The beautifully balanced M-120 feels a little less soft in its response than most mahogany guitars this size and delivers lots of low-end output when you least expect it.
For folk fans, the original Guild M-20 will always be synonymous with Nick Drake. But where a lot of iconic artist-guitar associations are in large part visual, the all-mahogany M-20 was arguably an indispensible part of Drake’s understated, intimate, and mysterious musical reveries. Warm, just a little dark, but with a definition and articulation that makes it the perfect vehicle for fingerstyle melodies, the M-20 remains one of the most underrated guitars among Guild’s many legendary instruments. The good news is that the new, affordable, imported version—the M-120—is a worthy alternative that captures much of the original model’s subtle magic.
With its glossy, deep-chocolate finish and subtly fancy mother-of-pearl rosette, the M-120 paradoxically feels like the most luxurious guitar in our small-body bunch. Back in the day, all-mahogany guitars were typically affordable, entry-level instruments—the guitar you got if that spruce top was just out of reach. But for a lot of players, few guitars are lovelier than an all-mahogany orchestra or auditorium model, and the M-120 is a shining example of how a mahogany flattop can look breathtakingly beautiful.
In a group of very easy-to-handle and comfortable guitars, the M-120 was extraordinarily so. It feels perfectly proportioned—compact, superbly balanced, and not that different in feel from a typical electric with a similar girth. The 20-fret neck feels fairly thin in cross section, and with a 24 3/4" scale and a nut width just a hair bigger than 1 11/16", the whole neck feels a little intimate, but not at all cramped. Instead, it seems to invite a lot of fast hammer-ons and complex chords, and it’s a near ideal guitar for a player with smaller hands.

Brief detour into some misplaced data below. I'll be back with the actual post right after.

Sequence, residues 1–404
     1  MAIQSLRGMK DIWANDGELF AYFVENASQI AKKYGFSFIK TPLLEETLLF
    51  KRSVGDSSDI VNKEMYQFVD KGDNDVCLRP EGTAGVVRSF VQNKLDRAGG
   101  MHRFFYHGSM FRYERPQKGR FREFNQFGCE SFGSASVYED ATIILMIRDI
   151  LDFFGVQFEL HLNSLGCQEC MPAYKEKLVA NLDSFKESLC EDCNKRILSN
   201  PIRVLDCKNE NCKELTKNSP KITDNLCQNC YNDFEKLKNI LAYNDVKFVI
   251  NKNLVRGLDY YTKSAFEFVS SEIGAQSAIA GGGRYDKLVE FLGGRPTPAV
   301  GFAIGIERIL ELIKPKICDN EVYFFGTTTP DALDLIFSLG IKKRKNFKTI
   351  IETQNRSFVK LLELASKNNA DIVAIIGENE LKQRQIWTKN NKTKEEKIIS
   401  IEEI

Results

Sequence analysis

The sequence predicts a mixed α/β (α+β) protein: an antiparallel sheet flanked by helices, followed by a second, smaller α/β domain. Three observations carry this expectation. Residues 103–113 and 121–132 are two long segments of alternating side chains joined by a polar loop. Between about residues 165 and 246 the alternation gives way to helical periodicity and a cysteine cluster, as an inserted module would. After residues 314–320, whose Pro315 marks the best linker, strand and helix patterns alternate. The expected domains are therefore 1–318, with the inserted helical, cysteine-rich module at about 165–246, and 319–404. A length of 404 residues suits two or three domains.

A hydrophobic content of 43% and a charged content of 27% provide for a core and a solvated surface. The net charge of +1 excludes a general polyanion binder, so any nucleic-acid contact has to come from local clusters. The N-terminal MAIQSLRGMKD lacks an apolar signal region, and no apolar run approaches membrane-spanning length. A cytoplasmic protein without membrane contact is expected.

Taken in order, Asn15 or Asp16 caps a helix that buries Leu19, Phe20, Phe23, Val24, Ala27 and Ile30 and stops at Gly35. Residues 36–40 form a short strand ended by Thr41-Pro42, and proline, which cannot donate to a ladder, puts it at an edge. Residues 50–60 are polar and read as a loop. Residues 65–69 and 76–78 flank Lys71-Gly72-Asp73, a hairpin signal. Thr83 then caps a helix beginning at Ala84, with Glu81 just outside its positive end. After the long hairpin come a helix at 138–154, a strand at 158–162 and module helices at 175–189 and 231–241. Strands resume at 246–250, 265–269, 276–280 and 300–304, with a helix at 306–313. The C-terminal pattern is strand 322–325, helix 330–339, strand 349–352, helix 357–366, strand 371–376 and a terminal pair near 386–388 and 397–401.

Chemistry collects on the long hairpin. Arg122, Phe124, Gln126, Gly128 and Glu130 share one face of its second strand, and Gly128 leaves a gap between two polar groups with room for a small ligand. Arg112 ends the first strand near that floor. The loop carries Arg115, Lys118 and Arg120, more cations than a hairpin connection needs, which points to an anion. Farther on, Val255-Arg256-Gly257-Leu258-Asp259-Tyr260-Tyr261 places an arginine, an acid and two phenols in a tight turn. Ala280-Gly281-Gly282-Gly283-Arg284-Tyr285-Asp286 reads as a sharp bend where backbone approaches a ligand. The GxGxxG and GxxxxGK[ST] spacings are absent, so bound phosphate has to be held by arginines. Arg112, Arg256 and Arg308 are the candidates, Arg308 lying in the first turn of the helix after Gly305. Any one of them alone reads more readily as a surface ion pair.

Sonically speaking, the M-120 has about the best balance of the bunch. It feels a little less soft in its response than most mahogany guitars this size and delivers lots of low-end output when you least expect it. Sustain in the low end is surprising too, as is the headroom. This is a guitar that will record much bigger than it actually is, provided you don’t assault it like one of Pete Townshend’s J-200s.
That said, the Guild responds to aggressive flatpicked strums with surprising headroom and elasticity, and you get a rich and dense harmonic cocktail that’s just right for recording rhythm guitar. Heavy single-note picking is rewarding on the M-120 too. Hammer-ons sound clear and defined, you can get delicious sustain out of bends, and the slinky playability over the 14-fret neck makes finger vibrato, jazz chording, and even triads at the 12th fret a breeze.
But as Nick Drake discovered, this little Guild is arguably best as a fingerstyle machine. The compact body means the bass is never too bossy—in spite of the surprising low-end resonance and sustain. And the high-mid content is so gorgeously clear and well defined that note-to-note balance borders on perfect. As a result, the guitar responds to a light touch and the kind of dynamics that turn a chord melody from ordinary to magical. If you’re a solo performer who specializes in more nuanced and intimate expressions—either as an instrumentalist or singer-songwriter—it’s hard to imagine a guitar delivering more bang for the buck than the M-120.
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